“But I also think that if we just do more of the same, we’re going to get more of the same, which is mediocre test results and kids who can’t read. That’s dumb. So I want reform.”

Scott Girard and Jessie Opoien:

The results, as Vos mentioned, have been poor. Reading and math scores on what’s known as the Nation’s Report Card dropped across the country last year, including in Wisconsin, where the gap in scores between Wisconsin’s Black and white students is the highest of any state, with only Washington, D.C. having a wider “opportunity gap.”

“When you look at the scores in Wisconsin, especially the gap between the races, it’s just unacceptable,” said Rep. Joel Kitchens, R-Sturgeon Bay, who will lead the Assembly education committee during this legislative session. “We have to do better, and we started to try to address it (in the last session). The governor vetoed that bill.

“But we really, really need to be able to work together, because I don’t see how we can address it if we don’t know that the governor is going to agree to what we do. So, I’m really hopeful we can for once work together on that.”

Kitchens was referring to a bill that would have significantly increased the number of literacy tests students must take and required the development of personalized reading plans for students deemed an “at-risk” reader. In his veto message, Evers said the bill didn’t provide adequate funding for its mandates.

“I want to go back and rehash that and say, ‘Why’d you veto this? What was the tweak that you need, right, or how can we make it better?’” Vos said of the proposal.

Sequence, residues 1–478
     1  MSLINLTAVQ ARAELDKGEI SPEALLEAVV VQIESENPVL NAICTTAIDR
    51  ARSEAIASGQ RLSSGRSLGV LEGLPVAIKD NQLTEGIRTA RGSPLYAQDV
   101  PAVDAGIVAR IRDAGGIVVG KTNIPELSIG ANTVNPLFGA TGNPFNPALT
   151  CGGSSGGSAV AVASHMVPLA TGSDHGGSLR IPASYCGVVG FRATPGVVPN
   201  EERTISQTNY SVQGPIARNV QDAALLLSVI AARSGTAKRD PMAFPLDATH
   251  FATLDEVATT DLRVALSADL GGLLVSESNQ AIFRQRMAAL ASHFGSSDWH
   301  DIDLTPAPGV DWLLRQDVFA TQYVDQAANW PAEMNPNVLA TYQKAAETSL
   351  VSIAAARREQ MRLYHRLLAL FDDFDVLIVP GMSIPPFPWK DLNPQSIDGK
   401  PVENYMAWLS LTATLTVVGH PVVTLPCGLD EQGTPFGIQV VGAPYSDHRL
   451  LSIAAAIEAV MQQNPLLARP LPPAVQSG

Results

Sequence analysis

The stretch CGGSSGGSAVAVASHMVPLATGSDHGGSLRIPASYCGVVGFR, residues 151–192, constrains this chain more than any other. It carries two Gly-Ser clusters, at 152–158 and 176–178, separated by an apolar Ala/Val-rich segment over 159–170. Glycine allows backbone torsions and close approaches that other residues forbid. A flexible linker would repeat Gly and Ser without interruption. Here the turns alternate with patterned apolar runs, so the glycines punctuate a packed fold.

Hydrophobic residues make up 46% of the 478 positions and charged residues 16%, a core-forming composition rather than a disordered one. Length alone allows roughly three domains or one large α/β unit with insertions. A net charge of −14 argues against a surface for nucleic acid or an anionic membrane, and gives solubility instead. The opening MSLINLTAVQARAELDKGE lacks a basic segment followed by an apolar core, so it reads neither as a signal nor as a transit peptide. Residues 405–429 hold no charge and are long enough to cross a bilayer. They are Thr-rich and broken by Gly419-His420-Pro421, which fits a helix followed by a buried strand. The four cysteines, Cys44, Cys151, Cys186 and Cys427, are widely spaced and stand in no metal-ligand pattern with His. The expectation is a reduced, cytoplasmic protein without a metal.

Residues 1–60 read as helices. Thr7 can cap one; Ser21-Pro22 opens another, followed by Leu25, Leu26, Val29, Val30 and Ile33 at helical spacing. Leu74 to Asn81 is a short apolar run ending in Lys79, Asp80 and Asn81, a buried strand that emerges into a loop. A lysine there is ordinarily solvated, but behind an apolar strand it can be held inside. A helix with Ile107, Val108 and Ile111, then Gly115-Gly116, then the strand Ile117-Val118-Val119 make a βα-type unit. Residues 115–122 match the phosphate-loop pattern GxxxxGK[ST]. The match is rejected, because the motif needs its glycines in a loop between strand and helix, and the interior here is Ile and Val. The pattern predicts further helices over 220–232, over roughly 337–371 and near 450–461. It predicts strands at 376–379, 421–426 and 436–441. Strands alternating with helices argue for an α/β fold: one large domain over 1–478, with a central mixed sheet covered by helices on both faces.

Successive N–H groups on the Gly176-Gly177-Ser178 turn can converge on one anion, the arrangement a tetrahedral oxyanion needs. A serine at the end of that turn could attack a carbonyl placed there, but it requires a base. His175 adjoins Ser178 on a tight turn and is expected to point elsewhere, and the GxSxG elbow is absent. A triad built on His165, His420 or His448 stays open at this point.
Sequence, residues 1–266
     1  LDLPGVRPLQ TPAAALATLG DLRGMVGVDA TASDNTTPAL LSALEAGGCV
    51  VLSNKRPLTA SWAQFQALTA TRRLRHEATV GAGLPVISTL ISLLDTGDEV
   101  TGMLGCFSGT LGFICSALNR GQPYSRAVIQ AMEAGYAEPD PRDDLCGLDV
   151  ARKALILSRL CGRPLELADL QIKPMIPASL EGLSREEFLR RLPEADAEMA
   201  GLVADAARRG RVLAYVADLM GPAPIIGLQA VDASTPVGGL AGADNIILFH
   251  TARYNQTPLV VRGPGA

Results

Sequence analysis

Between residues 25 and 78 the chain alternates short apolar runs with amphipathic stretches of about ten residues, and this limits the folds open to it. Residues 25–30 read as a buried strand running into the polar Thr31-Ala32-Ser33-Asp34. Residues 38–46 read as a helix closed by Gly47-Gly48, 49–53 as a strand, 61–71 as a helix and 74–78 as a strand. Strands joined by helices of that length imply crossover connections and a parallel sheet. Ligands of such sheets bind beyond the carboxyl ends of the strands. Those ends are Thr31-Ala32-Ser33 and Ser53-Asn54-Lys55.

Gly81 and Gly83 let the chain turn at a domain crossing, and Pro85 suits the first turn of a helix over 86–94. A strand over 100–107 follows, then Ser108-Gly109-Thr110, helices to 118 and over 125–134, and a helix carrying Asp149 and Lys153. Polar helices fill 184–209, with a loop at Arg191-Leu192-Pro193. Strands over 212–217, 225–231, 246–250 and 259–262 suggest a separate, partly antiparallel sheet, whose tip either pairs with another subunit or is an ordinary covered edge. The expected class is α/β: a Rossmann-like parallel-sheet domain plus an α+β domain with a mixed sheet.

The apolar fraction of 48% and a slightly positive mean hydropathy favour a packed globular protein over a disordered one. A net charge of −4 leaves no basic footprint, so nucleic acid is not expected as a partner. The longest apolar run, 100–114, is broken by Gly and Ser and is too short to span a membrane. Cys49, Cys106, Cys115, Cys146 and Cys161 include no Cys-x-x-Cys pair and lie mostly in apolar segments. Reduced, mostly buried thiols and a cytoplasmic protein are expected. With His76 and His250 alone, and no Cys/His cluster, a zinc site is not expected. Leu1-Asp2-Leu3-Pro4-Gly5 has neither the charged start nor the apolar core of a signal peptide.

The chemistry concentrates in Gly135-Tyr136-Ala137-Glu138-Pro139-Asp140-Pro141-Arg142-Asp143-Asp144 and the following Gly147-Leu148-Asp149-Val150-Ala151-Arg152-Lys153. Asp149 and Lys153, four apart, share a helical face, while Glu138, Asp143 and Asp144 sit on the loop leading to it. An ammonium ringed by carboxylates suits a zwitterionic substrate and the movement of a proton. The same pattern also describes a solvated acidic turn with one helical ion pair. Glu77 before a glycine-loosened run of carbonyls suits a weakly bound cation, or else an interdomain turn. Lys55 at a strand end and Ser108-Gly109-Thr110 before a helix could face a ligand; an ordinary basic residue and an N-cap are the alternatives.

Republicans and those pushing for “reform” often focus on school choice, whether that’s voucher funding, charter schools or open enrollment opportunities. Public school advocates contend those options siphon money out of the public schools that need it.

To those advocates, the focus should be on making up for the past 14 years in which school spending increases were not tied to inflation — like they had been previously. If they had been, districts around Wisconsin would have been able to spend an additional $3,000 per student this school year.

The data clearly indicate that being able to read is not a requirement for graduation at (Madison) East, especially if you are black or Hispanic”

My Question to Wisconsin Governor Tony Evers on Teacher Mulligans and our Disastrous Reading Results

2017: West High Reading Interventionist Teacher’s Remarks to the School Board on Madison’s Disastrous Reading Results 

Madison’s taxpayer supported K-12 school district, despite spending far more than most, has long tolerated disastrous reading results.

“An emphasis on adult employment”

Wisconsin Public Policy Forum Madison School District Report[PDF]

WEAC: $1.57 million for Four Wisconsin Senators

Friday Afternoon Veto: Governor Evers Rejects AB446/SB454; an effort to address our long term, disastrous reading results

Booked, but can’t read (Madison): functional literacy, National citizenship and the new face of Dred Scott in the age of mass incarceration.

No When A Stands for Average: Students at the UW-Madison School of Education Receive Sky-High Grades. How Smart is That?